JP Reese has work published or forthcoming in many print and online journals. Reese is also Poetry Editor for THIS Literary Magazine and Associate Poetry Editor for Connotation Press: An Online Artifact. Her published work can be found at Entropy: A Measure of Uncertainty.
Laurel’s new bike is powder blue, with silver tassels on the handle bars. Jenny’s mouth actually waters at the sight of it, as though it were a fresh loaf of bread or a perfect, juicy orange.
“You can ride it if you want,” Laurel tells Jenny one day on their way home from school. She’s been thinking of the test the next day in math, but now she’s imagining those tassels between her fingers as she soars through the neighborhood, her boring straight hair stretching behind her like a road.
When they get to Laurel’s house, Jenny has to call her mother. This is the year she turns ten, and it seems like her mother worries more with every passing moment. She feels like a baby as she picks up the sleek receiver in Laurel’s kitchen and dials her house, but the alternative is worse- finding her mother in the living room curled up in the recliner, red eyed, pale, and shaking.
There’s no answer at her house, so Jenny leaves a message and hangs up. They walk out to the garage, where Laurel’s older brother’s car is parked. He got caught lighting a fire in his locker at school, Laurel reports, so he’s not allowed to drive for a month. Normally, Jenny is fascinated by stories of Laurel’s brother, but she cannot stop staring at the bike, shiny and graceful, leaning against one wall of the garage.
Laurel wheels the bike to the top of the driveway. Jenny’s heart beats crazily, like William, her guinea pig’s, the first time she held him. It seemed impossible to her that one small, furry body could contain such fierce joy.
She kicks off carefully, but then she is going faster, her feet pushing hard. From the corners of her eyes, she can see the blurry colors of houses and lawns and cars. Behind her, someone calls her name, lazily, like a breeze. She doesn’t turn around. Laurel has everything, she’ll never miss this bike. When it’s gone, she’ll get another one just like it. The only things that matter are the stretching of her legs, the rush of air across her face, the pure possibility of movement.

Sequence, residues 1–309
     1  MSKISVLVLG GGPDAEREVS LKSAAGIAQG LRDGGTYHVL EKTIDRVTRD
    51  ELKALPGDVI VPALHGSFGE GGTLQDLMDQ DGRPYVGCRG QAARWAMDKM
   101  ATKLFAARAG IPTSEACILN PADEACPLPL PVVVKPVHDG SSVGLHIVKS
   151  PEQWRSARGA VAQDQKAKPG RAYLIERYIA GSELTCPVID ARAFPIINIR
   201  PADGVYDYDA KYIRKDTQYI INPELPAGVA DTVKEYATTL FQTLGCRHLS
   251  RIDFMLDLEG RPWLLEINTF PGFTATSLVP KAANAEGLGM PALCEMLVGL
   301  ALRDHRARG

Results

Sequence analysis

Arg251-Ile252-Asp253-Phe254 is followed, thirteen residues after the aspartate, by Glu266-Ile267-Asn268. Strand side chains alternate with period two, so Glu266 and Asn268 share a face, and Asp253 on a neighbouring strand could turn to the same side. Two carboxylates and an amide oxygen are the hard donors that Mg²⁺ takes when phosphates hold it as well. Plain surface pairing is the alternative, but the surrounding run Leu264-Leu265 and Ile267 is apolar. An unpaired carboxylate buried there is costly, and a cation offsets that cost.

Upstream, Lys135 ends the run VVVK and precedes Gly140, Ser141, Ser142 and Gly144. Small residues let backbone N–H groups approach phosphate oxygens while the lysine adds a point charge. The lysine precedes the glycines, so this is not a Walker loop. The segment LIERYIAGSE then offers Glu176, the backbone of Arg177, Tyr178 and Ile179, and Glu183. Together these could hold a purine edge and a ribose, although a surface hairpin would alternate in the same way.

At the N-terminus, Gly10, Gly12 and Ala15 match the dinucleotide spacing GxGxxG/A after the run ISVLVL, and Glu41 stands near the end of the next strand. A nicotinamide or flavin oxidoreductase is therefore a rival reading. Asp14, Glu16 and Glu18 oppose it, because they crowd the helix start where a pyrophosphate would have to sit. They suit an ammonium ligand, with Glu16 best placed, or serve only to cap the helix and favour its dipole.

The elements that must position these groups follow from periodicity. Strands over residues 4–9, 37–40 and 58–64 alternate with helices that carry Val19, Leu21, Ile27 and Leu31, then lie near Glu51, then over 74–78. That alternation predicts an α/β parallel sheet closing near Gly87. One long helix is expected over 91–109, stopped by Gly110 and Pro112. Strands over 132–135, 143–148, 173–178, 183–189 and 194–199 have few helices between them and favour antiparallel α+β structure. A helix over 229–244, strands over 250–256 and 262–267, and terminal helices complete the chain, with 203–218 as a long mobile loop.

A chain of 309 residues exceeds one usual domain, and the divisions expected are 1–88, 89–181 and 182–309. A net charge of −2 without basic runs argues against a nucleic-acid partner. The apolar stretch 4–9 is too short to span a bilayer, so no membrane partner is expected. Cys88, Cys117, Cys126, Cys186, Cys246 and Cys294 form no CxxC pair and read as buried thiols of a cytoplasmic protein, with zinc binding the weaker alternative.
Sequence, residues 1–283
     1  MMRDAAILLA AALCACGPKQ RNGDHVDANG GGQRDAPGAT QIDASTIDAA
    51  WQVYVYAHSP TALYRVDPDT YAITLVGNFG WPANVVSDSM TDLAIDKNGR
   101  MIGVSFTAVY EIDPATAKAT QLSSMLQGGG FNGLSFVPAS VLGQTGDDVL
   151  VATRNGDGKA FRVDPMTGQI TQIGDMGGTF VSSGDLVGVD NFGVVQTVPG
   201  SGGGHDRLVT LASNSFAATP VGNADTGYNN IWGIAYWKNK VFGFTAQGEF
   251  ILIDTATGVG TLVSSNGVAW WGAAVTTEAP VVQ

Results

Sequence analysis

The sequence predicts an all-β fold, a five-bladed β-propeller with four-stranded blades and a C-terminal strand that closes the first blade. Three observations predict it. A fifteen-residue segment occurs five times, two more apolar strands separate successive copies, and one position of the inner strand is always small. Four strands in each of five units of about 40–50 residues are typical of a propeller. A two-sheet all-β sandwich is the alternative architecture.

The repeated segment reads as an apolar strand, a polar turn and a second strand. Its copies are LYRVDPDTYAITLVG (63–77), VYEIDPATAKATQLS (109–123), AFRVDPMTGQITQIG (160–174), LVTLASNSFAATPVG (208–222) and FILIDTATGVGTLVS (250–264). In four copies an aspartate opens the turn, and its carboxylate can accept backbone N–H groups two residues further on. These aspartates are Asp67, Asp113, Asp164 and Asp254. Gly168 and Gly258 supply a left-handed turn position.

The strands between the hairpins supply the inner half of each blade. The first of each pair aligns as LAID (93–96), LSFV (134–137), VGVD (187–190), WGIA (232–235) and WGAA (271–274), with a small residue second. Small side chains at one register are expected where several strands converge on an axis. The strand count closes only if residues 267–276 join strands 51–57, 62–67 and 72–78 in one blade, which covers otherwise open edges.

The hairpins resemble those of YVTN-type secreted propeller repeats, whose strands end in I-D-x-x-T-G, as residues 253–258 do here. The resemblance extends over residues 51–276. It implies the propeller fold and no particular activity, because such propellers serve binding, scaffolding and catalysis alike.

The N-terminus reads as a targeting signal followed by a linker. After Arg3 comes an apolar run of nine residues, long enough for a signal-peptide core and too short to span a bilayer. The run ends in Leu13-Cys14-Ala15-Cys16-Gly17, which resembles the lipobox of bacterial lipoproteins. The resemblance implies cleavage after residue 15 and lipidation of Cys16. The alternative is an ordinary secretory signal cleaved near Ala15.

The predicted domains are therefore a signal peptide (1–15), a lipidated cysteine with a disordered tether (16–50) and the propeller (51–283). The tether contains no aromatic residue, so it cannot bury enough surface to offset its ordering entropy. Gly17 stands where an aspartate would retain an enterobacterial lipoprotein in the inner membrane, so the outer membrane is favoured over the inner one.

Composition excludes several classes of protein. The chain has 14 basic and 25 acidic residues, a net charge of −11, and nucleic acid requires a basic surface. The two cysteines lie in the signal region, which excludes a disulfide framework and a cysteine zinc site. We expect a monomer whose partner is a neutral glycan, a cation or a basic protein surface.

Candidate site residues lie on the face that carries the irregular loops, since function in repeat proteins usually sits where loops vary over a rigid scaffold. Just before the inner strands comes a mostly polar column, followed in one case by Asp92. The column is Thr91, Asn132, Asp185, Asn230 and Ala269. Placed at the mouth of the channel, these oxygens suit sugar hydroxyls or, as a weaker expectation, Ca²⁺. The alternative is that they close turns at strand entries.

But now the voice is getting louder, and its’ familiar shrillness curls Jenny’s spine. She steers too hard to the right, and there is the quick, horrible feeling of falling, followed by the raw sting of skin against cement.
The bike lays beside her, the ripped tassels glaring in the sun. Her torn palms are glued to the ground with dirt and sweat. Then comes the flutter of arms around her and the wet pressure of her mother’s teary face against her dry one. “I was calling you,” she whispers, “Didn’t you hear me?” Jenny shakes her head, looking at her shredded, bleeding knees, but it doesn’t matter. In her head, she’s still flying down the road, to somewhere far away from here.
Chanel Dubofsky’s work has been published at Monkey Bicycle, Matchbook, Quick Fiction, Staccato, and Atticus Review. She blogs at Diverge and lives in Brooklyn, New York.
You Waited Years to Say This
The crow’s feet at the eyes and the notion that it wasn’t supposed to turn out like this require an equal sign and its corresponding X and Y.
The burned out light bulb and the voices coming from the street say the minus sign should slow down before it subtracts what’s inside the house into a zero passed out on the couch.
The screaming at the other end of the phone and its partner chaos at the end of the street can’t stop the girl from her exponential longing for something better.
The formula for a way to escape is hiding in the closet with the vodka.
No matter the math the night has decided to make a margin call and with no regard for the ruin it may bring wants its money.
No one arrives with the plus sign so the man can get some sleep and the coefficient of the woman who hisses you are worth more to me dead than alive does not stop the needy cars from parking in the garage.
Ruin wants to make another appearance and wishes to remind everyone that beauty and its ugly step sister are proud to serve.